10/29/2015, 00.00
Send to a friend

Activists demand the release of all political prisoners ahead of Myanmar’s elections

by Francis Khoo Thwe
Around a hundred people are still held in prison as prisoners of conscience, including five Christians from ethnic minorities. Some 60 students are also in prison for protesting against the government’s education reform. The NLD’s deputy chairman is favourable to a general amnesty.

Yangon (AsiaNews) – Human rights activists and religious leaders issued a new appeal for the release from prison of all political prisoners ahead of Myanmar’s 8 November parliamentary elections.

Around a hundred people are still thought to be in jail as prisoners of conscience, plus scores of students involved in protest.

In view of this, Myanmar’s National Human Rights Commission (NHRC) has called on President Thein Sein to free all political prisoners and students jailed earlier this year as proof of the country’s democratisation process.

The independent human rights group composed of 15 bureaucrats and academics wants the government to grant amnesty to political prisoners who have been sentenced, so they can vote in the elections.

“We want to hold free and fair elections with all political parties, candidates and people,” said NHRC member Nyan Zaw. “We also want sentenced prisoners, detainees and students in custody to participate in the election. If they are released, they all can vote.”

Tin Oo, deputy chairman of the opposition National League for Democracy (NLD) party, told Radio Free Asia that he supports the move to release all political prisoners so they can vote in the national elections. The same applies to students detained for protesting against the controversial National Education Law. “It’s time for them to be released,” he insisted.

However, other lawmakers and former political prisoners doubt the president would grant an amnesty for political prisoners.

Political prisoners who are released can vote only after they register with the Union Election Commission (UEC), the body overseeing Myanmar’s polls.

As the election process stands now, the elections are unfair, this according to human rights experts.

The impartiality and fairness of the process is already vitiated by the current constitution, which reserves 25 per cent of all seats to appointed senior military officers and representatives.

Under such circumstances, the ruling Union Solidarity and Development Party (USDP), the political mouthpiece of the former ruling military junta, only needs to win another quarter of all seats plus one to secure a majority to elect the next president.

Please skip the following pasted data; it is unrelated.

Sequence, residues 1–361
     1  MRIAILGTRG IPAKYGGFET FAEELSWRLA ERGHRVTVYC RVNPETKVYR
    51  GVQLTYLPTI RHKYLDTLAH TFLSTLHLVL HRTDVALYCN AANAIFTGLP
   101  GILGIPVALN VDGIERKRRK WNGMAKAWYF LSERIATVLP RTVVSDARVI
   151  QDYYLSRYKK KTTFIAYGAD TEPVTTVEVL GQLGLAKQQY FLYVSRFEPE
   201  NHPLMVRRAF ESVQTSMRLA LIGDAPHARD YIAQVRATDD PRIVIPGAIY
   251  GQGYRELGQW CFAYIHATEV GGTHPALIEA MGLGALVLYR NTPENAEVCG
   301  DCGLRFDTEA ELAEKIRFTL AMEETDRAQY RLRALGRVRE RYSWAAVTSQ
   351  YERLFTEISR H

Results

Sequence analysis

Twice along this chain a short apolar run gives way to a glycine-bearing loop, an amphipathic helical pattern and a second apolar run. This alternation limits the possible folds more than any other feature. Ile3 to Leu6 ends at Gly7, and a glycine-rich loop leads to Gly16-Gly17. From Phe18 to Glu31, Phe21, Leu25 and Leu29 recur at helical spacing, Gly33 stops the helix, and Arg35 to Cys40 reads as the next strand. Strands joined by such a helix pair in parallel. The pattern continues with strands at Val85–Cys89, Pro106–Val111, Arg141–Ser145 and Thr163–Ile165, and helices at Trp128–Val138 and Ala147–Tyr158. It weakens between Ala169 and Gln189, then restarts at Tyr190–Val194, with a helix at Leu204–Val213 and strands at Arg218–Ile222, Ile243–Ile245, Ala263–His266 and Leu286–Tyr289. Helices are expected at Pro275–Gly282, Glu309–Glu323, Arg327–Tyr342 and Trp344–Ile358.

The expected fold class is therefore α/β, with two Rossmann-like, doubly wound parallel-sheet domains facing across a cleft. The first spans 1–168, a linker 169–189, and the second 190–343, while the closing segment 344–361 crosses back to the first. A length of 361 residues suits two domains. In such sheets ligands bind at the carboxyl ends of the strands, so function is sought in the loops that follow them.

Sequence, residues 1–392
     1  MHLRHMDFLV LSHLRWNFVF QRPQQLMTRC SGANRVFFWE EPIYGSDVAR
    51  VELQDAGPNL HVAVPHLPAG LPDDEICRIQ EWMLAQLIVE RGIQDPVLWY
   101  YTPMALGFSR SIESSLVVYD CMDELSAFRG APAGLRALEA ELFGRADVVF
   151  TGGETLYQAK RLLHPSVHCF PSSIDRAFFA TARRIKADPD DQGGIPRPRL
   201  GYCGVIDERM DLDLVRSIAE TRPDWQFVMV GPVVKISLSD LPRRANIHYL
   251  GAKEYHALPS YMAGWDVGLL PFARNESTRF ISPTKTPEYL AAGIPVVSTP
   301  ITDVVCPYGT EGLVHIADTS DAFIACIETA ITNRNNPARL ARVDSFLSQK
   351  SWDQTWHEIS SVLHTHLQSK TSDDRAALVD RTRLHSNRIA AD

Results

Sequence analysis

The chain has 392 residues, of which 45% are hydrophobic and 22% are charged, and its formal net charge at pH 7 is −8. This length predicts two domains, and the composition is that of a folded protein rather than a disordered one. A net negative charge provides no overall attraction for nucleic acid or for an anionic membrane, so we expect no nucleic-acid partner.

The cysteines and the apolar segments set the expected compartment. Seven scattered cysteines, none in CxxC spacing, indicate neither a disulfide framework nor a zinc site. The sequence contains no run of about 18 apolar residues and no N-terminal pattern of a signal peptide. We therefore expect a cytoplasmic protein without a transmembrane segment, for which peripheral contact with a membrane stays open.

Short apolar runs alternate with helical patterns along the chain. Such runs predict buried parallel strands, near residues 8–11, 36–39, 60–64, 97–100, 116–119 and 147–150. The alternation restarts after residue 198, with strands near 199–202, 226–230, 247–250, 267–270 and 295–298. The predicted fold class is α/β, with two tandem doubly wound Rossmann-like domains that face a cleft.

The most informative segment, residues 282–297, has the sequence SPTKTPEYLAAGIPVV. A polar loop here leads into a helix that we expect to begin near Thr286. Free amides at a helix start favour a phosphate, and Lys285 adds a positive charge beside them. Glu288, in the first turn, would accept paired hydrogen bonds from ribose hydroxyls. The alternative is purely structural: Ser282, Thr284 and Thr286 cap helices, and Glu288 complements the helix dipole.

According to the Assistance Association for Political Prisoners (AAPP), a non-profit human rights organisation based in Mae Sot (Thailand), Myanmar has nearly 100 political prisoners, plus 471 more awaiting trial. At least five of these are Christians — three Kachin and two Karen people, arrested for alleged links to ethnic rebel groups.

The AAPP issued a call on 22 October in favour of political freedom and for an end to the arrests of members and supporters of opposition parties.

In its request, the NHRC called for the release of roughly 60 students jailed on charges of unlawful assembly, rioting and causing bodily harm to government workers during a peaceful protest on education policy that turned violent earlier this year.

Unlike the 2010 elections, boycotted by the National League for Democracy (NLD), this time, the country appears to be genuinely embarked on a path of reform and change. However, the process of democratisation has suffered a sharp slowdown in recent months.

In the meantime, more than 30 million Myanmese are eligible to vote in the first elections open to all of the country’s political parties, about 90 in all, including the NLD. The latter had won the election in 1990, but the generals had refused to accept the poll result.

The next parliament will elect a new president, a position from which NLD leader and Nobel Peace laurate Aung San Suu Kyi is excluded by virtue of a law tailored made to keep her out.

Given the situation, the USDP remains the front-runner, but analysts and experts have slammed the ruling party for using state funds and institutions to promote its own campaign and buy votes.

Card Charles Maung Bo, archbishop of Yangon, also spoke about the country’s upcoming election.

Despite the problems, he said he wants to see free, fair and transparent elections in order to restore confidence in the country and give new impetus to the process of democratisation after 50 years of "tears and blood".

As he called “upon rulers and the people to make the forthcoming election a true exercise in democracy,” he urged candidates to favour mutual respect and lasting peace.

Send to a friend
Printable version
See also
Yangon: over 2 thousand political prisoners released
01/07/2021 12:09
"We are optimistic," says Paul Bhatti as Rimsha Masih's bail hearing postponed to Friday
Burmese activists want full civil rights, not only freedom, for former political prisoners
Burmese President pardons 56 political prisoners
Burmese government creates commission for the release of political prisoners


Subscribe to Asia News updates or change your preferences

Subscribe now
“L’Asia: ecco il nostro comune compito per il terzo millennio!” - Giovanni Paolo II, da “Alzatevi, andiamo”